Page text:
I can’t believe it has been three weeks since I last posted, and six weeks since I started this semi-deliberate, strangely catching media fast.
In weeks four, five and six, I:
Spent every waking moment I could take away from school and work with the Boy. And barely thought about television.
I messed up:
Once, and it was highly deliberate. I went to see the Hunger Games. Which wasn’t quite as good as I’d hoped, but that’s another story for another day.
Instead of watching television, I:
1. Started speaking a strange English/Mandarin hybrid that has almost become my new normal. I keep catching myself using it in everyday life.
2. Spent an absurd amount of time photographing the Boy.
3. Had a wonderful Easter with my family.
4. Discovered exactly how authentic my Chinese cooking skills are. Let’s just say I have a lot to learn.
It’s brilliant to be back,
There are some activities that are almost too easy to be considered active. And there is no question this is one of them. Just to have something fun for Little Bit and I to do one afternoon, I threw together the necessary equipment and called him over. And within five minutes, we were watching chickadees pick our new project clean. If that isn’t instant gratification, I don’t know what is.
For each feeder, you’ll need a toilet paper tube, peanut butter and a nice handful of birdseed.
To assemble, spread the peanut butter over the toilet paper tube, and then roll in the birdseed, pressing it down to make sure it sticks.
Slide onto an obliging branch, pull out your binoculars and watch the birds come in.
It seemed almost premeditated that on the same day I got to meet The Boy, an Asian-inspired tofu dish was on the menu. While it certainly wasn’t deliberate, it did add a bit of festivity to the lunch Little Bit and I shared. This is one of my favorite dishes. Frying the tofu creates instant sophistication, while it is quick and far cleaner than most fried foods. And anything with a quick assembly and impressive feel is always welcome with a busy nine-year-old in the house.
Peanut Sauce Tofu Wraps
1 block extra-firm tofu
salt and pepper
4 whole wheat tortillas
romaine lettuce, torn
2-3 carrots, grated
cooked rice (optional)
1/2 cup all natural peanut butter
1/3 cup soy sauce
2 tablespoons sugar
4 teaspoons sesame oil
1 tablespoon white vinegar
3 to 4 cloves minced garlic
1/3 to 2/3 cup water
healthy squirt Sriracha sauce
The night before, place the tofu between two plates lined with paper towels. Set a moderately heavy book on top (I used an encyclopedia), and let sit until morning. Change towels as they fill with moisture.
Meanwhile, mix together all sauce ingredients and store, refrigerated.
When the tofu has been thoroughly drained of moisture, cut into small cubes. Pour flour into shallow dish, salt and pepper to taste. Toss cubed tofu with flour mixture and fry over medium high heat until puffy and lightly browned.
To serve, spread peanut sauce over tortilla, and layer rice, lettuce, carrots, onion, cucumber and tofu. Drizzle on a bit more sauce and serve with extra dipping sauce.
He is smart, with an incredible sense of humor. He laughs at my Mandarin, and talks to himself constantly. He will try to eat anything, and frequently disrobes in public. He is opinionated and talkative. He loves watches and keys. He is beautiful, perfect and indescribably real.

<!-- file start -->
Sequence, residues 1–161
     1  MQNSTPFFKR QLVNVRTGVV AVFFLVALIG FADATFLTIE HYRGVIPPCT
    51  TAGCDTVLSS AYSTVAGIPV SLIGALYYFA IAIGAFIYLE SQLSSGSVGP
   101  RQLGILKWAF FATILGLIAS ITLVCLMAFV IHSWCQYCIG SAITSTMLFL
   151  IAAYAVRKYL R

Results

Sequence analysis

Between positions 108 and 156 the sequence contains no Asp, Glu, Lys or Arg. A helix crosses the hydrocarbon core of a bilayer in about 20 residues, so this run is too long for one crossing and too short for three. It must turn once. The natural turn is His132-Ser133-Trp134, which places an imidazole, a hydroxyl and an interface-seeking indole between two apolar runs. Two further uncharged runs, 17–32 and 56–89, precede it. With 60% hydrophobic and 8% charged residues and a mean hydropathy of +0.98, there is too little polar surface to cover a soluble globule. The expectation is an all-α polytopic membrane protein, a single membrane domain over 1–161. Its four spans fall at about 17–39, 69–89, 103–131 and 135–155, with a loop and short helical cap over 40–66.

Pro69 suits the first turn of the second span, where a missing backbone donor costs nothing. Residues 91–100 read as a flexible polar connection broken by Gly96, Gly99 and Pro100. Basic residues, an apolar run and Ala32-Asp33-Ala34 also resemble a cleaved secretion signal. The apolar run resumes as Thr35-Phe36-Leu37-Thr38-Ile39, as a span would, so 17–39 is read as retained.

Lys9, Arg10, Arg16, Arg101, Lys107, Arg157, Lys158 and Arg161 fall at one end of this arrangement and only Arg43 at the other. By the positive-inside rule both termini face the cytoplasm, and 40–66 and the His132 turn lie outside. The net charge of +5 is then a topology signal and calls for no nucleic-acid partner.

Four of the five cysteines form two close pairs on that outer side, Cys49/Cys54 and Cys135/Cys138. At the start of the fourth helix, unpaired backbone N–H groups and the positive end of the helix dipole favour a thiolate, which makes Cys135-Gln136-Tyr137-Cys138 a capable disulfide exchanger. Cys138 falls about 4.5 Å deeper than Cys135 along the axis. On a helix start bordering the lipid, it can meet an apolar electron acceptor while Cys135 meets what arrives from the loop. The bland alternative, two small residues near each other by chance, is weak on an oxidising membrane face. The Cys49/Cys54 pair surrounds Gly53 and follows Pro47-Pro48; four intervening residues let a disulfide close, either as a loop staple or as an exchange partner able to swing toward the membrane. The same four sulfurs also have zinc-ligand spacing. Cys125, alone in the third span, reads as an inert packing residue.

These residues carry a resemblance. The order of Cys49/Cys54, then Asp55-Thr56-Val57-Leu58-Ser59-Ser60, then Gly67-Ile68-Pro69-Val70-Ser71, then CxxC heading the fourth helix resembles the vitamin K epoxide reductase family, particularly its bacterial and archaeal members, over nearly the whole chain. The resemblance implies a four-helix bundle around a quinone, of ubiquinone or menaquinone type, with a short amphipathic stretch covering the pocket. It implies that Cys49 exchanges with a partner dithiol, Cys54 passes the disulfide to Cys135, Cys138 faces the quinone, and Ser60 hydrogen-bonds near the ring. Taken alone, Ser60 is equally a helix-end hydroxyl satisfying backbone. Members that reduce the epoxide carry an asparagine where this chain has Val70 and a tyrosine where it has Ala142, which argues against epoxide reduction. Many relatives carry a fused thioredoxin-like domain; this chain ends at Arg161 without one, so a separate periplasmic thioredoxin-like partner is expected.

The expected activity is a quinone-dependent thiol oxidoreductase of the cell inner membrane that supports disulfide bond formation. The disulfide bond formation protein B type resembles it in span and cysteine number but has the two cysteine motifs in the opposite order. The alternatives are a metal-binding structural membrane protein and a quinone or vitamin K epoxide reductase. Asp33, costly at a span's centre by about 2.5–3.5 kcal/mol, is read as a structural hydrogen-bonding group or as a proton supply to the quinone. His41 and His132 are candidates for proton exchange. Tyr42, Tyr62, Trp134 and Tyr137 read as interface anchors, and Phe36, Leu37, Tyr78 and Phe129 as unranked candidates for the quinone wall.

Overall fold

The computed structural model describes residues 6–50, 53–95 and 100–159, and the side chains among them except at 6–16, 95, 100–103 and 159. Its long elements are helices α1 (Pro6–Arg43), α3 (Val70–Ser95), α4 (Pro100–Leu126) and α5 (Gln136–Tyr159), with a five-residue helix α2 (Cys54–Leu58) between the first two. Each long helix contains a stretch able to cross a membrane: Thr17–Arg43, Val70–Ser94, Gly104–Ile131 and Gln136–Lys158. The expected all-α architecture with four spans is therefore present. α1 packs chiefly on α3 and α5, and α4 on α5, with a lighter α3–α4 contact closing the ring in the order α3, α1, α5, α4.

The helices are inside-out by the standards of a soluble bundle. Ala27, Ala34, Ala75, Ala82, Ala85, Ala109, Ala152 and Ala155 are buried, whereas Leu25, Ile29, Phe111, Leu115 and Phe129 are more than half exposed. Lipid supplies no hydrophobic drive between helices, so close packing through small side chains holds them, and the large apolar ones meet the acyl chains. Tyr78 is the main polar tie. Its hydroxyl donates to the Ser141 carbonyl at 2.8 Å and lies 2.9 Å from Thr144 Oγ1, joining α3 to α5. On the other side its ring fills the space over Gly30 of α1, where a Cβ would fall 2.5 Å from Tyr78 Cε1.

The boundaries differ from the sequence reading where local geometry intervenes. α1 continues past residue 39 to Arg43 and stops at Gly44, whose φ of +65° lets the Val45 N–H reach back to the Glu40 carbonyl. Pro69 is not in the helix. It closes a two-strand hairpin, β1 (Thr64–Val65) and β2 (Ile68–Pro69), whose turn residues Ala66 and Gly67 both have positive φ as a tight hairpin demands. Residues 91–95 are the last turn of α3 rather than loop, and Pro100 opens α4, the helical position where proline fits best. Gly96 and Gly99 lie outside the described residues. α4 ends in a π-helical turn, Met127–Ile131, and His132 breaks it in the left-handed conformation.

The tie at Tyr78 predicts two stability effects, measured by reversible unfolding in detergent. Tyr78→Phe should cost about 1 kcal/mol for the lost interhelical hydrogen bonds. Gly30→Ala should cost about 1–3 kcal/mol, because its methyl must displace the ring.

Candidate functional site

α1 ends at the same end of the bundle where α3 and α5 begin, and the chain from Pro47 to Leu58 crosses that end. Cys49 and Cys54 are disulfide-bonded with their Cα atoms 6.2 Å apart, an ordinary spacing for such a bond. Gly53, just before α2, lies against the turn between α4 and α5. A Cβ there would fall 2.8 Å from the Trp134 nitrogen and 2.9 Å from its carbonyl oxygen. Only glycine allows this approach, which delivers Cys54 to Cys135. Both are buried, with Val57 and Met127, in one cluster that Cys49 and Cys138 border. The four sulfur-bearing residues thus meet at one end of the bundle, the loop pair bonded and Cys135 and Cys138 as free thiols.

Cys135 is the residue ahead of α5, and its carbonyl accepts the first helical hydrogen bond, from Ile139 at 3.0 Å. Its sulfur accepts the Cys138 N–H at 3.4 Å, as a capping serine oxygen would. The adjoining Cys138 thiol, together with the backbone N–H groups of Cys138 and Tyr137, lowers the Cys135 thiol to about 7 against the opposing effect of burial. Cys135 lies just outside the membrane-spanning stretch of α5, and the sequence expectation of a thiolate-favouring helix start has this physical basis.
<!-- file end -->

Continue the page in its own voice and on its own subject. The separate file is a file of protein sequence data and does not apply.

And that was just the webcam visit.
I love him already, and we are still 7,000 miles apart. Hurry home, beautiful boy!
Your Jie Jie
Since my parents left for China and Little Bit came over to stay, I’ve barely thought about media. We’ve had such a fun, busy time together, the urge has never really come on. Hopefully, that has something to do with three (almost) television-free weeks!
In week three, I:
Never really wanted to watch TV. Go figure!
I messed up:
Once. When some friends invited the two of us to go see The Secret World of Arrietty, I didn’t even think about the media fast until I had pulled up in the theater’s parking lot and was smelling the popcorn. At that point, there was no going back.
Instead of turning on the television, I:
1. Baked cookies with Little Bit.
2. Watched him draw.
3. Found out how bad my balance was on his new slackline.
4. Took him geocaching and found my first nano cache!
I may have messed up, I may have gotten an hour or two of televised influence that I didn’t need, but any week filled by so many moments of Little Bit’s silliness, cleverness and infectious laugh can’t be a total failure.
Live long and drink tea,
This week’s Sevenly project supports a wonderful organization that I’ve had plenty of personal experience with–Love Without Boundaries. These people are real and passionate about their mission: providing desperately needed medical care to abandoned Chinese children. The statistics are so often numbing, but they are very real. Two out of five children with medical needs who are abandoned in China die before they are adopted. Two out of five. Please, just try to make that number a reality for yourself. Picture five children, any five. Your own children. Your friends’ children. Your nieces and nephews. And subtract two. Two beautiful, potential-filled, living souls who die for lack of basic medical care.
I was born with duodenal atresia, and could have died if the possibility of surgery wasn’t open to me as an infant, if I had been only a little more affected by it, if the funds just hadn’t been there.
Put yourself in one sick Chinese orphan’s shoes. Put yourself in mine. Put yourself in the shoes of the person who buries two out of five children. And ask yourself if you can give.
I know that some of you, if not all of you, have $22 to spare. And even if you don’t, you have Facebooks and blogs and Twitter accounts. You have a voice. Use it, please.
Remember, you aren’t just buying a shirt. You are saving a life.
image from Love Without Boundaries